A series of annotated images breaking down tactical breakdowns by Bayern in recent games against Mainz and Dortmund.
The common thread: despite fielding a three-man backline, Bayern CBs, especially Pavard, often get pulled out of central defense, without appropriate compensation.
vs Dortmund: First Goal
image deck: https://imgur.com/a/BKwo40K
Dortmund flood one side of the field to open up space in the middle. It seems to go wrong at the first pressing trigger. Even though Bayern have set up in a 3-5-2 shape, RWB Coman vacates wing defense in favor of leading the press at the top. Pavard steps out of CB spot to defend the wing, losing the defensive shape. Tolisso drifts upfield, showing little awareness what numbers he has behind him.
Five seconds have to go very differently to not create this huge scoring opportunity.
In the replay for the goal on ESPN+, the announcer comments "two on two in the last line, that's not good defense!"
vs Dortmund: Counter
image deck: https://imgur.com/a/mueBUpz
Dortmund have eight men sitting deep as Bayern get forward in numbers. Here Pavard gets even in front of the DM as he ventures toward his favored scoring positions. It's 2-on-2 in the last line, once again. A clearance to the forward line turns into Reus, unpressured, releasing Haaland past everybody.
vs Dortmund: Second Goal
image deck: https://imgur.com/a/Iwwtq2t
Again Bayern have a 3-5-2 shape and Dortmund work down one flank to create initiative in the center. Here the forward line is pressing distribution out of defense (because Davies knows he is not just an attacking winger). However, Davies is still drawn infield to AM Brandt later in the play, leaving the LCB to chase the ball down the flank. This (again) creates 2-on-2 in the last line, with Reus and Haaland showing good movement to create the chance.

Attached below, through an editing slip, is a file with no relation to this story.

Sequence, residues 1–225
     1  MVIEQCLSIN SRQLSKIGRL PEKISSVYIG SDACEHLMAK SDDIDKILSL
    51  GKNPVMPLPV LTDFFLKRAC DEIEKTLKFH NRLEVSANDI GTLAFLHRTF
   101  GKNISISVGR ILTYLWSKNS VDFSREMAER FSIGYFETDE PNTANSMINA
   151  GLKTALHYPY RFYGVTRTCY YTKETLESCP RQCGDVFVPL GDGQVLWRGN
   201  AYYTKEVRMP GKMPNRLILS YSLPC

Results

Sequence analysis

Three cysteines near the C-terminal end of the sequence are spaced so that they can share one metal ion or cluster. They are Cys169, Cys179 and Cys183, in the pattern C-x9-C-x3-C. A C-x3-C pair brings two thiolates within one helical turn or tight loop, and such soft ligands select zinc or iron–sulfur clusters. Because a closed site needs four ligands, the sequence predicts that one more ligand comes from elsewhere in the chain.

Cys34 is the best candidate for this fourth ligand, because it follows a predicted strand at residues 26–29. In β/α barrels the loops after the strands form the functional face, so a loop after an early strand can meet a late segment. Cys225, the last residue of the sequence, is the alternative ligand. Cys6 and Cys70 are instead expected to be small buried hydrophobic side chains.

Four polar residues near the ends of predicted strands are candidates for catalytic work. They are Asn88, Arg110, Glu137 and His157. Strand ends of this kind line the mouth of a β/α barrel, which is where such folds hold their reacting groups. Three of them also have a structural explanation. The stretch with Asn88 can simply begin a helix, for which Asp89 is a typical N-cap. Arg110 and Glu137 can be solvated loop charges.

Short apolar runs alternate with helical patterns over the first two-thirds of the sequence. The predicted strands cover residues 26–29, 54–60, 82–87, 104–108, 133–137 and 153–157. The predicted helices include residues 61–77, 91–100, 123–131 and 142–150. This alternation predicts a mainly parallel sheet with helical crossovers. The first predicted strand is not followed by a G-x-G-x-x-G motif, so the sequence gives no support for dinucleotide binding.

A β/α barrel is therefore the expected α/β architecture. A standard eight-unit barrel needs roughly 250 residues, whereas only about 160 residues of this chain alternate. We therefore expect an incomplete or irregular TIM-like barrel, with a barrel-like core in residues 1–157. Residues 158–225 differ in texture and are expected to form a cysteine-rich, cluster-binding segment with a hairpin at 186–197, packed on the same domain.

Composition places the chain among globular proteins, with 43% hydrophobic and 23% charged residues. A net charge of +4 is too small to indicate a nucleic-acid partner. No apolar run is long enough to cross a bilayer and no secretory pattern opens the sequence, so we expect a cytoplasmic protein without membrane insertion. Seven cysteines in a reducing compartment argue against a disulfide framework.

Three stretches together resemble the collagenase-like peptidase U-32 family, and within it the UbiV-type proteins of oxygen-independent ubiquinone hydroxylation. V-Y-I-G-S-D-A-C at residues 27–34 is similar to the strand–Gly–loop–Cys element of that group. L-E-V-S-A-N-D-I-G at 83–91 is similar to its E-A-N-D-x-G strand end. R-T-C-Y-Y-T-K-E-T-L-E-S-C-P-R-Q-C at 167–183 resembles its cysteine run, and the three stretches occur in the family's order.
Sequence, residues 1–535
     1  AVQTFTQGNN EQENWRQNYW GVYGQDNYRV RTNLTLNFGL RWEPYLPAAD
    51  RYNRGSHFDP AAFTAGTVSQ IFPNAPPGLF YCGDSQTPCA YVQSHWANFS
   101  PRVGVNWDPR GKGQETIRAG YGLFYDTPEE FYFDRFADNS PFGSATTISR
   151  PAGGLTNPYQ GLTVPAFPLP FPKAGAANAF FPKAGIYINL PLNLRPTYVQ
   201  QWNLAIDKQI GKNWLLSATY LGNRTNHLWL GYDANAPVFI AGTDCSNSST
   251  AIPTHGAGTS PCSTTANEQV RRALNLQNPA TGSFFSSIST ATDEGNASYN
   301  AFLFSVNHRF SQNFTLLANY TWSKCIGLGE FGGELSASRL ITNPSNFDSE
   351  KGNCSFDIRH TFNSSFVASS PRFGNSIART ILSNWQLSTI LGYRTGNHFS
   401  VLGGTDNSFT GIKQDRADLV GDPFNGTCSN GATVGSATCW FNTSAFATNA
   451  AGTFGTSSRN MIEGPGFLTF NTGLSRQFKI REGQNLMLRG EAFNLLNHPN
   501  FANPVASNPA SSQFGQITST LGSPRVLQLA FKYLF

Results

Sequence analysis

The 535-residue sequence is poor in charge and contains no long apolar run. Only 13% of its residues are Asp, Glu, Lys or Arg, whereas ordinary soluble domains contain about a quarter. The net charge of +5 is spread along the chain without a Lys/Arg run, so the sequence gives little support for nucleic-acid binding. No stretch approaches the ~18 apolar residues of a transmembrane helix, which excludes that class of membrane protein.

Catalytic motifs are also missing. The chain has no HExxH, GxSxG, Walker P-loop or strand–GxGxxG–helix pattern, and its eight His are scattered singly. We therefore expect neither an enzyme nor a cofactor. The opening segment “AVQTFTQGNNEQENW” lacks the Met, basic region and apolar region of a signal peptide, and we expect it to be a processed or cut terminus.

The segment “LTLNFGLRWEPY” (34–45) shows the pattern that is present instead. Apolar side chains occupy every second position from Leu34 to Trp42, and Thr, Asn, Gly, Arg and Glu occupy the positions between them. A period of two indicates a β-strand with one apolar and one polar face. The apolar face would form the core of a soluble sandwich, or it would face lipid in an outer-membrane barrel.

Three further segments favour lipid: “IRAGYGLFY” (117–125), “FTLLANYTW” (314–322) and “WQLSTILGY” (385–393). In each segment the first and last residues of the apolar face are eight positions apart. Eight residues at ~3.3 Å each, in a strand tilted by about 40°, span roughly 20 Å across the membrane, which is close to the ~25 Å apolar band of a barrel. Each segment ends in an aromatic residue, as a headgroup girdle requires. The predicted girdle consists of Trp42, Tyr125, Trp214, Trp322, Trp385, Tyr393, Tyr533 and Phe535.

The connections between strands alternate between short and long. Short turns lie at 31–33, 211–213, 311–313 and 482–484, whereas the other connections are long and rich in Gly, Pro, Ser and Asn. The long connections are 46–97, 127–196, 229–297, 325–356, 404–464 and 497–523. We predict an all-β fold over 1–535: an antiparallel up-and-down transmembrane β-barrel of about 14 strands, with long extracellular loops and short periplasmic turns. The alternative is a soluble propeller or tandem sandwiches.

At first glance, it's a tough bounce for Upamecano. However, he did well enough to cut off the cross to Haaland after being left in that 2-on-2. The problem is Dortmund have two more free runners into the box and Bayern are fundamentally outnumbered.
RWB Coman, again, plays strictly as an attacker even though he's not one of the leading 2 in the 3-5-2 to start. Nobody else is there to cover his wing but he ends this play in the center of the pitch. Defending with 7 versus defending with 8.
vs Mainz: Goal
image deck: https://imgur.com/a/gEWSkkx
Posted this one already in the Observations discussion. Unlike the Dortmund goals, this one comes in transition when Bayern give away the ball deep in their own half. The CBs get disjointed, and again there are two free runners out of midfield.
I'll put this one on Pavard first for committing hard to the wing runner. He may be thinking Upa is there to cover, but when he does, that's 2/3 of Bayern's CBs out on the wing, and 2 Mainz strikers running into the box. But Sané and Davies are also not switched on.
Keep in mind Bayern went on to win both these games, and conceded just the three goals. However, it looks like considerable confusion in defensive responsibilities. As well as a tactic for opposing managers to exploit: drag at least one CB away, especially down the wing, and create 2-on-2 attacking situations in center.The RWB/RCB side currently occupied by Coman and Pavard seems especially vulnerable to this, and it does not help that in Bayern's asymmetric setup this is the more defensive flank opposite Davies.
Bayern seem a lot more focused on attacking and intensity than defensive structure. Is it their instructions, or habits outside of the system? It'll be interesting to see if this changes over time.